Dog Photobombs V

Trying to get caught up - there are soooo many dog photobombs in my file folders - so here are the last I've found from 2018 and 2019. The next "edition" of photobombs will be 2020 photos. The original dog photobombs post is here, the second installment (sub-theme: fluffbutts) here, the third installment (sub-theme whatcha… Continue reading Dog Photobombs V

Ladybugs

A few days ago, I was pulling weeds from my gravel driveway. The night before, I had used the sprinkler to dampen the ground, making it possible to pull roots along with the plant from the otherwise sun-baked, hard ground. As I removed plants that morning, I discovered several ladybugs moving among the stems, apparently… Continue reading Ladybugs

Fences VII – Spring at High Elevation

My previous posts featuring rural fences were all winter scenes. I hadn't thought about a spring or summer rendition because I rarely see fences on the forest trails my dogs and I spend our time on, but this morning, as we finished a high-elevation mountain hike I was struck by the beauty of stacked log… Continue reading Fences VII – Spring at High Elevation

So Long, Spring, ‘Till Next Time

Spring officially ends June 19th this year. It's always a little sad saying goodbye, watching nature's exuberant bursts of growth and color wane during the hotter and drier months of summer. Where I live, at 4,000 feet in the mountains of central Idaho, spring starts arriving in April and doesn't really gain steam until May… Continue reading So Long, Spring, ‘Till Next Time

Pollen: Strong Reactions

I have a love-hate relationship with pollen. It’s been that way most of my life. I love pollen because of its crucial role in propagating a vast array of plants, including many of the fruits, nuts and grains we rely upon for food. Plus, lots of pollen is produced by the beautiful forest trees and… Continue reading Pollen: Strong Reactions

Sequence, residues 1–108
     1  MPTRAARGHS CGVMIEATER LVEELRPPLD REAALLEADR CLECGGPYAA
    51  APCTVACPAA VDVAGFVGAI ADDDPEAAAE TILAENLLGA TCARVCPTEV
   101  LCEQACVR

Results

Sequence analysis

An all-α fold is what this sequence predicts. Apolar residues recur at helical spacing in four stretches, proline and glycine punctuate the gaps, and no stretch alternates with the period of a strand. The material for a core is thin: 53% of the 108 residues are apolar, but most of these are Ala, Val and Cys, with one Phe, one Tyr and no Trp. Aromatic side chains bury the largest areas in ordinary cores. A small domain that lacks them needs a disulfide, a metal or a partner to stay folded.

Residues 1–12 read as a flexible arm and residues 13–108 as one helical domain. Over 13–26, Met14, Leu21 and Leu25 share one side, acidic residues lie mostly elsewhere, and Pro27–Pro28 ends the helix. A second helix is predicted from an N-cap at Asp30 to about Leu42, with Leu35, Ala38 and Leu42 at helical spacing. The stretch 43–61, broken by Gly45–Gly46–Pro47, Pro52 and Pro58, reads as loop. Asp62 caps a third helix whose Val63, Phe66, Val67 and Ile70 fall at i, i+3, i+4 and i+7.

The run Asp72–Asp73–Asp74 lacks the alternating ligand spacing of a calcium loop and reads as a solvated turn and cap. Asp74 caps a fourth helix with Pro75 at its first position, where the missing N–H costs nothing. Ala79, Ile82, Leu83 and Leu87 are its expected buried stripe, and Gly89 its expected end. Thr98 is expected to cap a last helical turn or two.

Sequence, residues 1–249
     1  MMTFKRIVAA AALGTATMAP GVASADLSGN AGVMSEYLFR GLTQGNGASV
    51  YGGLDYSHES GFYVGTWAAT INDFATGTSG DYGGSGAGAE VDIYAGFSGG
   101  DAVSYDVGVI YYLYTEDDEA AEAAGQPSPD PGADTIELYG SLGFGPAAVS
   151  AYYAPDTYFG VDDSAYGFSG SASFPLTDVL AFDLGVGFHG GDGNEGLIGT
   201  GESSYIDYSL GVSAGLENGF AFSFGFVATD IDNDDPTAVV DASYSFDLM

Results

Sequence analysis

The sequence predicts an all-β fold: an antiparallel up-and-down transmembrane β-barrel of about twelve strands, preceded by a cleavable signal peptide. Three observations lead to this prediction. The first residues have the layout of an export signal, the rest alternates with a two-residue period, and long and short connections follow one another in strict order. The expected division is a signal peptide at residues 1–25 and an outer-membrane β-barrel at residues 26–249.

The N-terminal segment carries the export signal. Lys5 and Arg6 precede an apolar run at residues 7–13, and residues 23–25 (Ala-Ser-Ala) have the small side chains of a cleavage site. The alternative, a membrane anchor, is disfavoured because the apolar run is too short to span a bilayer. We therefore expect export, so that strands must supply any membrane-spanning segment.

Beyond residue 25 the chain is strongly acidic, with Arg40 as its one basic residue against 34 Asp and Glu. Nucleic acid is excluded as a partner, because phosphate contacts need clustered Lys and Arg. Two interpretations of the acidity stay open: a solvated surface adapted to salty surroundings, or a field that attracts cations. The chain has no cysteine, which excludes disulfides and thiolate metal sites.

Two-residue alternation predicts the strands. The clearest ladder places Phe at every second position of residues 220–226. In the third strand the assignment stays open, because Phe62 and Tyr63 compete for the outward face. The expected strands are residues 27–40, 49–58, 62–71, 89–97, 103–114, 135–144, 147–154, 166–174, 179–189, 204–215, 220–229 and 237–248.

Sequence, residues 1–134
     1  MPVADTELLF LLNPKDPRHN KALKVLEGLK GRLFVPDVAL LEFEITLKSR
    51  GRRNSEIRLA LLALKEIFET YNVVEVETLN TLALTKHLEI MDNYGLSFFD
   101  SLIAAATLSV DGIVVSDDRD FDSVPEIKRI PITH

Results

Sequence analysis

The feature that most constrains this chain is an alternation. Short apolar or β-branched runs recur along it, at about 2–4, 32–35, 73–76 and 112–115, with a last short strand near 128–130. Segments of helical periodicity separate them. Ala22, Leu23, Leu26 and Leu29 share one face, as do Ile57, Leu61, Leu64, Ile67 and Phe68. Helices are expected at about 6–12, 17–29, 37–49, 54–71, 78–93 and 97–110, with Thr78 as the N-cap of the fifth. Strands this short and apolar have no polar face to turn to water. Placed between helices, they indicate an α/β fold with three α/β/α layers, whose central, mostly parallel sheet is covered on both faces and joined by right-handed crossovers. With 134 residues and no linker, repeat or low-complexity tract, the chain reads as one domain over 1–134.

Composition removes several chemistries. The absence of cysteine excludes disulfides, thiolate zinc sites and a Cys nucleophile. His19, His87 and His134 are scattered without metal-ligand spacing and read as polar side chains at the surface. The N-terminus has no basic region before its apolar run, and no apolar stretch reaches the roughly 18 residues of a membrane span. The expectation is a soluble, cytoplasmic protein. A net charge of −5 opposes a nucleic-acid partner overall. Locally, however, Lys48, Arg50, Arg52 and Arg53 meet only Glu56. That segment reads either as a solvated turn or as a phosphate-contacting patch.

Thrilled by Trillium

I first became acquainted with trillium wildflowers in the forests of western Washington. At the lower elevations of the Cascade foothills where I did so much trail running before moving to Idaho, they were the first wildflower of spring, adding bright splashes of white and green near the ground where they grew under the tall… Continue reading Thrilled by Trillium

Flax: A Mix of Beauty and History

My second summer here in Idaho, in 2006, I bought some wildflower seed meant for mountain climates and tossed it out along my driveway. I didn’t know what to expect. I hoped for the best, especially since it was ridiculously expensive and I was living on borrowed funds. I was disappointed. That first summer very… Continue reading Flax: A Mix of Beauty and History

Bumbling Bumble Bees

One afternoon last March, one of those early “false spring” days when the sun warms the air up to the low 60s F while there’s still snow on the ground, I hauled the deck furniture out of the garage. Several days of unseasonable warmth had already melted the snow off the deck, so why not?… Continue reading Bumbling Bumble Bees

Thinking of John Muir

I didn't have a plan for this morning. Usually I go to bed with an idea of whether the dogs and I will go for a run the next morning, and where. We run three or four days each week, and go for a walk the other mornings. Walks require much less planning. Rarely, if… Continue reading Thinking of John Muir

Wildflowers in (Frosty) Early May

When you live in the mountains - elevation 4,000-5,000 feet - "spring" is a flexible term. Spring can arrive in early March, for a few days anyway. It will be sunny and warm (in the 50s!), migrating birds start arriving with their beautiful songs, and one willingly - hopefully - believes spring has arrived. It… Continue reading Wildflowers in (Frosty) Early May